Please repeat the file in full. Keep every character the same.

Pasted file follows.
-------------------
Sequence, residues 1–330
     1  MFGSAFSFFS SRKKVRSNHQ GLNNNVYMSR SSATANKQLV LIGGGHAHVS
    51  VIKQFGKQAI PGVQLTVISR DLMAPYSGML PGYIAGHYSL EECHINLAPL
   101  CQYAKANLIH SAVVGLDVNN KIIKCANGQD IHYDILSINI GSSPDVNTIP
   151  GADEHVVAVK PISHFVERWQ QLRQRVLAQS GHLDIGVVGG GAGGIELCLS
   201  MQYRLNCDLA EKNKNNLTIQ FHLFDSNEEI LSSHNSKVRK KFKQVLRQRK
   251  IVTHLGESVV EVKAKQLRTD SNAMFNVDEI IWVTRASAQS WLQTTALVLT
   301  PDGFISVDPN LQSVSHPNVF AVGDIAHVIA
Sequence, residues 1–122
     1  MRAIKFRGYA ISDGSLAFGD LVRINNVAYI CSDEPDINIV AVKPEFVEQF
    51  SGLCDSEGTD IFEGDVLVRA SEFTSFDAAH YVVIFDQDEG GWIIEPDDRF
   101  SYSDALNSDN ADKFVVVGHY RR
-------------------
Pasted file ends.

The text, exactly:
Sequence, residues 1–330
     1  MFGSAFSFFS SRKKVRSNHQ GLNNNVYMSR SSATANKQLV LIGGGHAHVS
    51  VIKQFGKQAI PGVQLTVISR DLMAPYSGML PGYIAGHYSL EECHINLAPL
   101  CQYAKANLIH SAVVGLDVNN KIIKCANGQD IHYDILSINI GSSPDVNTIP
   151  GADEHVVAVK PISHFVERWQ QLRQRVLAQS GHLDIGVVGG GAGGIELCLS
   201  MQYRLNCDLA EKNKNNLTIQ FHLFDSNEEI LSSHNSKVRK KFKQVLRQRK
   251  IVTHLGESVV EVKAKQLRTD SNAMFNVDEI IWVTRASAQS WLQTTALVLT
   301  PDGFISVDPN LQSVSHPNVF AVGDIAHVIA
Sequence, residues 1–122
     1  MRAIKFRGYA ISDGSLAFGD LVRINNVAYI CSDEPDINIV AVKPEFVEQF
    51  SGLCDSEGTD IFEGDVLVRA SEFTSFDAAH YVVIFDQDEG GWIIEPDDRF
   101  SYSDALNSDN ADKFVVVGHY RR